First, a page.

The central Illinois music scene (the ostensible subject of my magazine piece this week) was amazingly fecund in the 1970s, and worthy of a self-indulgent blog post all its own. The alpha and omega of this time and place was REO Speedwagon, and Gary Richrath enjoyed an intensely loyal following around town even before he joined REO. Here's a clip of a live performance of 157 Riverside Avenue, which may enjoy renewed popularity in places like Colorado with the advent of legalized marijuana.
Cheap Trick is not a Peoria band, strictly speaking—the 100 miles that separate Rockford and Peoria represent a chasm to any central Illinoisan—but the band toured relentlessly in Peoria, Bloomington-Normal and Champaign-Urbana and their success there laid the groundwork for their breakout stardom. Here's their iconic song Surrender, performed on the Midnight Special in the mid 1970s.
Head East didn't quite enjoy the success of REO or Cheap Trick, but they did achieve a measure of popularity with There's Never Been Any Reason, and a follow up hit (at least in Illinois) called Since You’ve Been Gone. (Not to be confused with the Kelly Clarkson opus.) The band still tours every summer.
Two other Peoria acts that came a bit later never managed to break it into the big time but got signed by a major label. The first was Mackinaw—their song Surf’s Up On The Illinois went viral across central Illinois, naturally, and it holds up today as a nice bit of song craftsmanship. It also demonstrates what was the band’s fundamental problem: A rock band simply couldn’t veer that much into country music in the early 1980s and get anywhere with it.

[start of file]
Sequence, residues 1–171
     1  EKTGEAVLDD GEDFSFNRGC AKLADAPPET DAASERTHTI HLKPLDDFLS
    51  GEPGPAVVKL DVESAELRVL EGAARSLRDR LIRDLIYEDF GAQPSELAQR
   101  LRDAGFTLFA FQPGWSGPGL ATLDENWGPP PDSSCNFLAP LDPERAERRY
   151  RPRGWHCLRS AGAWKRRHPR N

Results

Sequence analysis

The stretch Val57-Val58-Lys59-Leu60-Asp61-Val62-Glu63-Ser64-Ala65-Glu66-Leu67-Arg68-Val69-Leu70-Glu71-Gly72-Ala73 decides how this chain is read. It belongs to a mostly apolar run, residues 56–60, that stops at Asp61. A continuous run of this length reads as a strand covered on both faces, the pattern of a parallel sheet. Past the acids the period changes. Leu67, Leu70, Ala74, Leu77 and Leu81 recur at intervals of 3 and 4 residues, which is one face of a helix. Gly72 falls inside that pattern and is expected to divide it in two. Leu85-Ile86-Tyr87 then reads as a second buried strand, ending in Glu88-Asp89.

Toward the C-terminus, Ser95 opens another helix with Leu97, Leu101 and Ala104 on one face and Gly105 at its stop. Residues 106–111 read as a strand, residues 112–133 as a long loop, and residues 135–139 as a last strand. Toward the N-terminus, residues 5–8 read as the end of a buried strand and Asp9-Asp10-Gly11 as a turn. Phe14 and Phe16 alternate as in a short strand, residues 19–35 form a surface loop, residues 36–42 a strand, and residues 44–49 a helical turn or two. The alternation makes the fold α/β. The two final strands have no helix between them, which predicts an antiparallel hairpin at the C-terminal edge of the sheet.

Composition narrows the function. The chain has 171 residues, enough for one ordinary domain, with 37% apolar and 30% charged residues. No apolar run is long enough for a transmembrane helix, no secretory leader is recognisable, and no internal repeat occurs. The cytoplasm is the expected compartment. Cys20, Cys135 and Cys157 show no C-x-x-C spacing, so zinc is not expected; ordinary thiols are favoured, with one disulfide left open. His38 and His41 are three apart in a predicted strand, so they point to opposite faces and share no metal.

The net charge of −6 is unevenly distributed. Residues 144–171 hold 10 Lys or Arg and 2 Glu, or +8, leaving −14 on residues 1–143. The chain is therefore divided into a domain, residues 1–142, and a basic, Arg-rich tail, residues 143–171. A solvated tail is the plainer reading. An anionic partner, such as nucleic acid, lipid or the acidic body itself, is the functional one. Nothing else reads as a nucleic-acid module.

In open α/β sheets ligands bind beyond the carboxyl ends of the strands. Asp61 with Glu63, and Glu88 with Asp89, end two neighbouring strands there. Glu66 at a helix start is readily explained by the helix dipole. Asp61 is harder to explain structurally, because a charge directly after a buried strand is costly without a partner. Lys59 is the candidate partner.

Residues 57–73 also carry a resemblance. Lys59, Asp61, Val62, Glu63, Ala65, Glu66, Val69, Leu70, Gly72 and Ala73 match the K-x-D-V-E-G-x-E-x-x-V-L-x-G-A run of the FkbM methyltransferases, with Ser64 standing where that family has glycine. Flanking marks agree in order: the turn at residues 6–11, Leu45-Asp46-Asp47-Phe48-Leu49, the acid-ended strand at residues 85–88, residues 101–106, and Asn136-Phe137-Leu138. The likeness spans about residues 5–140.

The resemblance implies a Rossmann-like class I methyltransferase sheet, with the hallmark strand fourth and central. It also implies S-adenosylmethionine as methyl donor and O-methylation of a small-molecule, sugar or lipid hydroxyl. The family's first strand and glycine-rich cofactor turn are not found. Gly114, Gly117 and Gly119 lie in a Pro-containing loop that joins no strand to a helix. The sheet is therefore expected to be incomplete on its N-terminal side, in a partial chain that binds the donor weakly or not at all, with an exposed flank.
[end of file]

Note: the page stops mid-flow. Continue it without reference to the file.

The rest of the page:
Coming on the tail end of the Central Illinois music epoch was the Elvis Brothers, who were a cross between the Romantics and the Stray Cats, but a step better than either one, with a stage presence that no one has anymore. Here’s Fire In the City, which was briefly on rotation on MTV, and has a flavor of their showmanship. I Wonder Why was a hit from their second major label release.
Dan Fogelberg came from Peoria and went to the University of Illinois so he played these markets too, but he went to make it big in L.A as soon as he finished college. (That’s now the only viable path for a small town musician to make it.) Here’s a non-ballad from his first album called Illinois. Shortly after his death, the woman whom he encountered in the grocery store on Christmas Eve and wrote about in the Same Old Lang Syne came forward to admit that she was the one in the song, and that he didn’t release it for several years after he wrote it to save her any potential familial issues.
John Doe may be the epitome of California cool, but he’s from the central Illinois burg of Decatur. He achieved fame and fortune with X but he’s had a very underrated solo career, and the song Golden State might be the best thing he’s ever done.
Jason and the Scorchers have a central Illinois connection as well (Jason is from Sheffield, 40 miles north of Peoria) but they were never a big part of the central Illinois Scene. Absolutely Sweet Marie isn’t my favorite song of theirs but it seems to be almost everyone else’s favorite song.
Ike Brannon is the president of Capital Policy Analytics.